Families Scramble After Surprise Senior Center Closing
EAST VILLAGE — Rafael Osorio has lived on the Lower East Side his entire life.
Now the 82-year-old, who suffers from dementia, may be force to leave his home along with nearly 200 others if the Cabrini Center for Nursing and Rehabilitation on East 5th Street and Avenue B closes as expected sometime in July.
Community members, who are scrambling to find a solution, met with Cabrini staff on Wednesday afternoon to discuss their options after receiving a letter dated March 7 telling them about the impending closure.
The nursing home is slated to close after the building housing it was sold to real estate developer Benjamin Shaoul last year, for $25 million, according to WNYC, just as the 20-year lease came to an end. It's not clear what the building will become.
"I'd have to seek counseling [for him]. This is the only place he's ever known," said Osorio's daughter, Elizabeth Herring, 53, about the prospect of having to explain the move to her father.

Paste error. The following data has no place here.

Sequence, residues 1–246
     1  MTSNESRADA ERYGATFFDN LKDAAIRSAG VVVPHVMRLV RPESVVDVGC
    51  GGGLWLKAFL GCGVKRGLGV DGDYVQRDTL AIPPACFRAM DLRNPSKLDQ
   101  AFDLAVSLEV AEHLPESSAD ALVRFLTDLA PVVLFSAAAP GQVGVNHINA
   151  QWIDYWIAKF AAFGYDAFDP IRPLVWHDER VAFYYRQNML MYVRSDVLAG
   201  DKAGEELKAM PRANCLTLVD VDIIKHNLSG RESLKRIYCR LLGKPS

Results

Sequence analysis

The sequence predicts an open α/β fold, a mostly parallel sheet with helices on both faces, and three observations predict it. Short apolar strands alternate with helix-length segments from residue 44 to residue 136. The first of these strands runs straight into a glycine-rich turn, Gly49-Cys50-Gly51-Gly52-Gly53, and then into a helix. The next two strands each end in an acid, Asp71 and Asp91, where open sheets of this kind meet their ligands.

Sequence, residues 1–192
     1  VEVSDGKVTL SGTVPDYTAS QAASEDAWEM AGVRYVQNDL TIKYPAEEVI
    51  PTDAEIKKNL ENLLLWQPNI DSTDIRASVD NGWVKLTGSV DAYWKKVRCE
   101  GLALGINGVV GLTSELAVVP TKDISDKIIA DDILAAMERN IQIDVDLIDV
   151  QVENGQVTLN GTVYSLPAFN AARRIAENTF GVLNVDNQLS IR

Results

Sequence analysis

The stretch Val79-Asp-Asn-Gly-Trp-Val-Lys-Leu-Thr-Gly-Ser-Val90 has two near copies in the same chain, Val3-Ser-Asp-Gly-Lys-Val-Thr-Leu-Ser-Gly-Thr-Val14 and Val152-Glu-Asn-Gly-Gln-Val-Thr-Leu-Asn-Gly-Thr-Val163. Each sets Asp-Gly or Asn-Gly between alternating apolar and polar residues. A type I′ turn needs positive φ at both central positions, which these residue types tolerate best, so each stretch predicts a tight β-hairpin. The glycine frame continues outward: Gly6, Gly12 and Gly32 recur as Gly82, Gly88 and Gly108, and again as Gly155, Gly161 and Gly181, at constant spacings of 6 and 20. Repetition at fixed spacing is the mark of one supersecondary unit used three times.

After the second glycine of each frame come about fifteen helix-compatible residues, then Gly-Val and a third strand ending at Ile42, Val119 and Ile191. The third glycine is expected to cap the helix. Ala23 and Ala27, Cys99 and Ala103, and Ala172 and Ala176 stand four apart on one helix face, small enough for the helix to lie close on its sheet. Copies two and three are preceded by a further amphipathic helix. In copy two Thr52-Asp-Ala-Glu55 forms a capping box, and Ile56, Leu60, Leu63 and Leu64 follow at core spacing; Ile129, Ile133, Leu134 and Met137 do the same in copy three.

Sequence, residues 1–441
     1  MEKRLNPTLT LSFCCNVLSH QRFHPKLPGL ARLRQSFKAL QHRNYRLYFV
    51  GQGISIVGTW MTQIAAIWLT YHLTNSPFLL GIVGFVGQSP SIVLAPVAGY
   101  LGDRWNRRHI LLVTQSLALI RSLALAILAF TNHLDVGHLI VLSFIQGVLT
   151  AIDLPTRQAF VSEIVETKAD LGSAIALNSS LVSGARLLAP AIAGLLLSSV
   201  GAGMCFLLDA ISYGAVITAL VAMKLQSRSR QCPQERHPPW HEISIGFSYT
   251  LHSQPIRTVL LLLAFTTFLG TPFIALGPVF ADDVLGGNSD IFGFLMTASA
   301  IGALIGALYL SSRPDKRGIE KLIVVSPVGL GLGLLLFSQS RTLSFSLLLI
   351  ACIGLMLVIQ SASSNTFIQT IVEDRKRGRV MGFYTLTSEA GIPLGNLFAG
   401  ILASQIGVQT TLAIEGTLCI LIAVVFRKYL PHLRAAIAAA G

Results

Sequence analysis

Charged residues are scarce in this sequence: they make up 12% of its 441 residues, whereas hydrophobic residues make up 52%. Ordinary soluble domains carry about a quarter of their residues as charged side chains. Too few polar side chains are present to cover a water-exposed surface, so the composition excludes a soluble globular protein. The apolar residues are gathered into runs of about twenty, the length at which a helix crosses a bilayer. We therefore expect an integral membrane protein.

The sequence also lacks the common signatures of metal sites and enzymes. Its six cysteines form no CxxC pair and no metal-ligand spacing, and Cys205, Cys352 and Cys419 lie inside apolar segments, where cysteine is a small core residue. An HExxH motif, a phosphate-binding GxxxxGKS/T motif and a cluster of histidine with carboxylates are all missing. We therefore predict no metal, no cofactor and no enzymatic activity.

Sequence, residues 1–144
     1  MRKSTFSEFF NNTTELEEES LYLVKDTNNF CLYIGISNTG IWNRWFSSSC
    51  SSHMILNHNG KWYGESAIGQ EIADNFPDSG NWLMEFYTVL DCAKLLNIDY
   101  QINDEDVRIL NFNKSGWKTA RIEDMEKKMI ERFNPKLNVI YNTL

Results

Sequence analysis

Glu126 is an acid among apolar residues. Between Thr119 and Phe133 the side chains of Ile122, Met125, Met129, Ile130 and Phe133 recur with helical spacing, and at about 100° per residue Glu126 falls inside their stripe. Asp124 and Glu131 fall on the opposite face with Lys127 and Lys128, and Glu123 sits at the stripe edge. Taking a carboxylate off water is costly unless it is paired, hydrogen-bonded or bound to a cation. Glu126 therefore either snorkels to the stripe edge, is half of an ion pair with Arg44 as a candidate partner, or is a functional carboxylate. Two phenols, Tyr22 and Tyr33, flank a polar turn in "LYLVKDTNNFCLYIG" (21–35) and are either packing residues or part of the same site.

Herring, who has also lived in the area all her life, said they cannot move her dad far not only because of his health but also because it is the only way for her mother, who suffers from arthritis and lives four blocks away, to easily visit him.
"My mom is 81. She visits him every day," said Herring. "I would not have her shuttle out to Brooklyn to visit him."
A Cabrini spokeswoman Michele de Milly said the facility tried to find a way to stay open and is now talks with other nursing homes in Brooklyn and Manhattan to try and find beds for their 180 full-time residents.
De Milly said a home in Borough Park, Brooklyn has space for more than 100 seniors and that Cabrini has "interest from other facilities."
About 50 family members gathered at the home on Wednesday afternoon to get an update on their options.
Many of the relatives, who are mainly clustered around the East Village area, say Brooklyn, or even another space uptown, would be too far to travel.
"My mother just got back after six weeks in the hospital. She's really bad right now," said Wendy Light, 49, about 75-year-old Janis Hechler.
Light, who also lives in the East Village, is unemployed and dreading the financial burden of having to travel to another borough nearly every day to visit her mom.
"I can't even consider [moving her to Brooklyn]. That means less visits. I have no siblings."
Herring said relatives were weighing their options, including appealing to local politicians to step in and broker some king of compromise.
In the meantime the families have the difficult task of trying to explain to their relatives in the home they may have to move.
"A lot of them don't know what's going on," said Herring.